By James Meakin
In February 2020, the resort town of Ischgl in the Tyrolean Alps partied. Travellers flocked from all across Europe to ski the snow-covered slopes before drinking in the resort’s high-end bars.
Then, cases of Covid-19 started to appear across Europe. On the 1st March, 15 people tested positive for Covid-19 on a flight from Munich to Reykjavik. 14 of those travellers had been to Ischgl.
Only two weeks after Icelandic authorities found these first cases, linked to Ischgl, 7 EU countries had imposed border restrictions – despite EU Commission recommendations to the contrary. Germany, one nation that acted early in terms of border controls, fared better in the initial wave than other Western European nations. For instance, it suffered only 100 deaths per million compared with 450 per million in France.
The EU eventually re-opened borders for summer holidays. Economies dependent on tourism, such as Spain and Croatia, needed tourists to restart their economies, which had been battered by lockdowns. Cases stayed low throughout much of Europe during summer 2020.
New variants, such as the Alpha variant from Kent and the Beta variant from South Africa, emerged in the autumn and winter of 2020. Border controls within Schengen were back on the agenda. Due to outbreaks of the Alpha variant in February 2021 in Czechia, only German citizens, residents, and essential workers could cross into Germany.
With vaccines on the horizon, however, there was the hope of being able to facilitate travel within the EU. The EU unveiled their ‘Green Pass’, which uses a QR code system to show vaccination, recovery from a Covid-19 infection, or a negative PCR test result in March 2021. Could the Green Pass end the EU’s fragmentation over border policy?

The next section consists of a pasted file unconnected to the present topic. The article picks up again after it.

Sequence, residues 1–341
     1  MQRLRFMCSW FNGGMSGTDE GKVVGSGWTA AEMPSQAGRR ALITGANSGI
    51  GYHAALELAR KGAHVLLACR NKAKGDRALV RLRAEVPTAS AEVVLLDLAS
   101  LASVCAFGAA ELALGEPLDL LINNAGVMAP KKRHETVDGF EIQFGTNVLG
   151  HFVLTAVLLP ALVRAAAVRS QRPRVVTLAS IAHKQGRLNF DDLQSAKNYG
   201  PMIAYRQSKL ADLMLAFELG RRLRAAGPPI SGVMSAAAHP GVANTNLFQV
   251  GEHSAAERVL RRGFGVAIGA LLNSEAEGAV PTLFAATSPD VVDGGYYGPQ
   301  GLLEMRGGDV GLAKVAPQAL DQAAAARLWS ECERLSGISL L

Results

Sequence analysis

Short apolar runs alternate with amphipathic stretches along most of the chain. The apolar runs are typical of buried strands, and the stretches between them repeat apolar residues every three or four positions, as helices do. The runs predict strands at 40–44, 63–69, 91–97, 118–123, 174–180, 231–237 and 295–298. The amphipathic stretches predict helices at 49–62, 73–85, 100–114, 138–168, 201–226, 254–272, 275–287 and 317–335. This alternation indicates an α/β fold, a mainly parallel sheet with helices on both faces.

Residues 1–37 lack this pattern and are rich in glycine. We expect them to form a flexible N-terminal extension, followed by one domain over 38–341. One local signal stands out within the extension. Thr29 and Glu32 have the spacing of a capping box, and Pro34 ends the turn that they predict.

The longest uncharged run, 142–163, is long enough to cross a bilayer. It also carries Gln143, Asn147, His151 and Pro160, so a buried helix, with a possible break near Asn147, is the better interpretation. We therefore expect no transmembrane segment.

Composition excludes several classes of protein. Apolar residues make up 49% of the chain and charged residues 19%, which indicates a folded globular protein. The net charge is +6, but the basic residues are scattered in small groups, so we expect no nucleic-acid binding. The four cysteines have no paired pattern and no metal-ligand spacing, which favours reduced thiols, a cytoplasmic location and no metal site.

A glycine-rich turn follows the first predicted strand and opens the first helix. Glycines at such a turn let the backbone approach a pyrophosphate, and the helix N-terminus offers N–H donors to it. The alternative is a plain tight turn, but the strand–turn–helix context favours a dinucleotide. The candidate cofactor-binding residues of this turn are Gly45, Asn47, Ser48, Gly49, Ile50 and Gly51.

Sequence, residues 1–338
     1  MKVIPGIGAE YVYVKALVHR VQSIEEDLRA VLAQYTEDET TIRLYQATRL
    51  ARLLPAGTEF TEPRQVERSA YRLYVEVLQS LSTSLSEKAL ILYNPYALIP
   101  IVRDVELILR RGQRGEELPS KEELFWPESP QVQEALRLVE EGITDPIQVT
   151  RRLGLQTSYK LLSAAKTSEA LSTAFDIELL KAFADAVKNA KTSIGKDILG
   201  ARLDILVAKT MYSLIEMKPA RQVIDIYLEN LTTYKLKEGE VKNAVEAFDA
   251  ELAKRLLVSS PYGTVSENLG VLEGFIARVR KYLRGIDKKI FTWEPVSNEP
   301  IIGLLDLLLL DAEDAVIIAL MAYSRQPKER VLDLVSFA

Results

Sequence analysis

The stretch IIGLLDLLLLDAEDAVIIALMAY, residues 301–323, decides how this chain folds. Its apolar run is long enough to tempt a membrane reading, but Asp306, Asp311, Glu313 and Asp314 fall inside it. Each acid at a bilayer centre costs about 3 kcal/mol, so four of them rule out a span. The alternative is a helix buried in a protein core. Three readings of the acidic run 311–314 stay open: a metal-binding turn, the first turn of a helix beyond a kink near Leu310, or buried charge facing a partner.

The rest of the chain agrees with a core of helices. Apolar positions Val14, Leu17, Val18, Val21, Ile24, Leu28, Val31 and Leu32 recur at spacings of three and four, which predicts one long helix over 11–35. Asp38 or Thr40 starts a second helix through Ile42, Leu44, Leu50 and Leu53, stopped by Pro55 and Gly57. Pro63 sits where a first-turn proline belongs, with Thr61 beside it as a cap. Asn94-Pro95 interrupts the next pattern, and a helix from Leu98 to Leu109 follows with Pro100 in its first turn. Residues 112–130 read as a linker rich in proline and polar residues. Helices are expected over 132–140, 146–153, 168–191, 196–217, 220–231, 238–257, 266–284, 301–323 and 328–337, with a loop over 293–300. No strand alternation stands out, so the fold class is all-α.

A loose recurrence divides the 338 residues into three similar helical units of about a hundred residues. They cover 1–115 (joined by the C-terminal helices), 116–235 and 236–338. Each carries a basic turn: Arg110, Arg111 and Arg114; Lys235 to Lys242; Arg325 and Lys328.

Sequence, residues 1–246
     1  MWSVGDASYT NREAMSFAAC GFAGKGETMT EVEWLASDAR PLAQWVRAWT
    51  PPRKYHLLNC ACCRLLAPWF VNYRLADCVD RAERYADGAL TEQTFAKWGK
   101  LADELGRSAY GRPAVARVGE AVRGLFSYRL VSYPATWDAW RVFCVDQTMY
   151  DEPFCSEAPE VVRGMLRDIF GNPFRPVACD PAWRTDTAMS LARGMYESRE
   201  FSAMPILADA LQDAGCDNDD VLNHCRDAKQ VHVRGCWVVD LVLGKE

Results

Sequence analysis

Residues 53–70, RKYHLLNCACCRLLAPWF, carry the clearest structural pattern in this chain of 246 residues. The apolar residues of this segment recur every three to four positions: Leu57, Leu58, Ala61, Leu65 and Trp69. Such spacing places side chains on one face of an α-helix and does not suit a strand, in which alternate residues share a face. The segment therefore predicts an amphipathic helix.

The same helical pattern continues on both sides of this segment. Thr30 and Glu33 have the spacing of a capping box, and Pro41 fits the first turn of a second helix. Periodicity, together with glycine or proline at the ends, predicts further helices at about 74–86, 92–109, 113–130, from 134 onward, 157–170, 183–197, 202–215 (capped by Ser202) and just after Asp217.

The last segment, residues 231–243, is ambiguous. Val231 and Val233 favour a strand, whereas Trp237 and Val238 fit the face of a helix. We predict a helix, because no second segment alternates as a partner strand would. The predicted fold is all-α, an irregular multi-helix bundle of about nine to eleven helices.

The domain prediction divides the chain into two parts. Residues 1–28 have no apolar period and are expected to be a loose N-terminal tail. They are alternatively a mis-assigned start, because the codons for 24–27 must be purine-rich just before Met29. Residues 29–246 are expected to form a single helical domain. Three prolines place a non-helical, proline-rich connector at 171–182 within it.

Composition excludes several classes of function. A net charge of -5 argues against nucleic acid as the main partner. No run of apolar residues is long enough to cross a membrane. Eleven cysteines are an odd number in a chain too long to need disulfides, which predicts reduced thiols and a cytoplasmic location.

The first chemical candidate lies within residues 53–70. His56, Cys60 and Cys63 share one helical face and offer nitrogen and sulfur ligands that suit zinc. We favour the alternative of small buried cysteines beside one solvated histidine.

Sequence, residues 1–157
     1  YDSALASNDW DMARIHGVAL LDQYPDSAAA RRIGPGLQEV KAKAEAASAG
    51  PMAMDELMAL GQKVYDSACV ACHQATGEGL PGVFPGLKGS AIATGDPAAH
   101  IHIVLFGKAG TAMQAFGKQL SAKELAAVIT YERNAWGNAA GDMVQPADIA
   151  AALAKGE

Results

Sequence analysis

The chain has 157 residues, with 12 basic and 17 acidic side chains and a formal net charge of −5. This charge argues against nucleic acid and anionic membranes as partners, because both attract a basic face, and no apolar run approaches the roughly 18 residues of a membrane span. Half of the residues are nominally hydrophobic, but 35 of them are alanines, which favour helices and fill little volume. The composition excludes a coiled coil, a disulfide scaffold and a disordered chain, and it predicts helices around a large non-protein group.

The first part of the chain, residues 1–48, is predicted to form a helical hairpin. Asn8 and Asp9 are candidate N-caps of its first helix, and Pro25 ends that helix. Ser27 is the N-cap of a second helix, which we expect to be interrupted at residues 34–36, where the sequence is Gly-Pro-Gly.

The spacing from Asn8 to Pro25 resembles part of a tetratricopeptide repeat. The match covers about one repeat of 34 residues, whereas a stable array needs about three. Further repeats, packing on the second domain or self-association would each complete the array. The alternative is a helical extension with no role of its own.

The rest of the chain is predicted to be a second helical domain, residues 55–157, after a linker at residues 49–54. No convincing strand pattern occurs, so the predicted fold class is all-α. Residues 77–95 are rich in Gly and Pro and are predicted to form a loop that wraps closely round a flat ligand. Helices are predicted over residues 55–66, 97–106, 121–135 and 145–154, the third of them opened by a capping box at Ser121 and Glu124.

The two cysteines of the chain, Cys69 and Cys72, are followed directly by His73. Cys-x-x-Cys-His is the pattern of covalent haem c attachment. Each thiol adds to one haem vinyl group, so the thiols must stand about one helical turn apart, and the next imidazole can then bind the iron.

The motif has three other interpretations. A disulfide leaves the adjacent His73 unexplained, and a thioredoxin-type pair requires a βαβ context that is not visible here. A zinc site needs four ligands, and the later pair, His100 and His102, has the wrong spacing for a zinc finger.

The border control policies of Germany and other Central European countries at the beginning of the pandemic undermined EU solidarity. The ability for workers, families and holidaymakers to travel seamlessly throughout the continent makes the idea of a united Europe attractive to its citizens. This freedom is also one of the ‘Four Freedoms’ of the European Union.
The fact that member states unilaterally suspended this fundamental ideal from spring 2020 posed a threat to EU solidarity. The act of Germany shutting its borders in mid-March 2020 was evidence of this. However, this closing of borders was epidemiologically successful – Germany shielded itself from the worst of the first wave of the pandemic. Open borders were harmful.
Temporary emergency powers are rarely temporary. If Schengen can be suspended by individual countries for epidemiological reasons, there is no reason that it cannot be suspended for others. The inevitable flow of refugees from Afghanistan into Europe in the coming months may turn out to be another test of the power of border controls. Austria’s Chancellor Sebastian Kurz is already talking of taking a hard-line approach towards the entry of Afghan refugees. The pandemic has perhaps set a perfect precedent to allow him to shut Austria’s borders to refugees.
Despite the Green Pass opening up the prospect of summer holidays and business travel across the European Union for citizens of member states, the initial closure of Europe’s internal border may have dented the ideal of open borders for the near future.
Border controls have not been the only test of EU solidarity during the pandemic. Medical supplies, most notably vaccines, have tested the ability of a centralised EU to create nimble supply chains.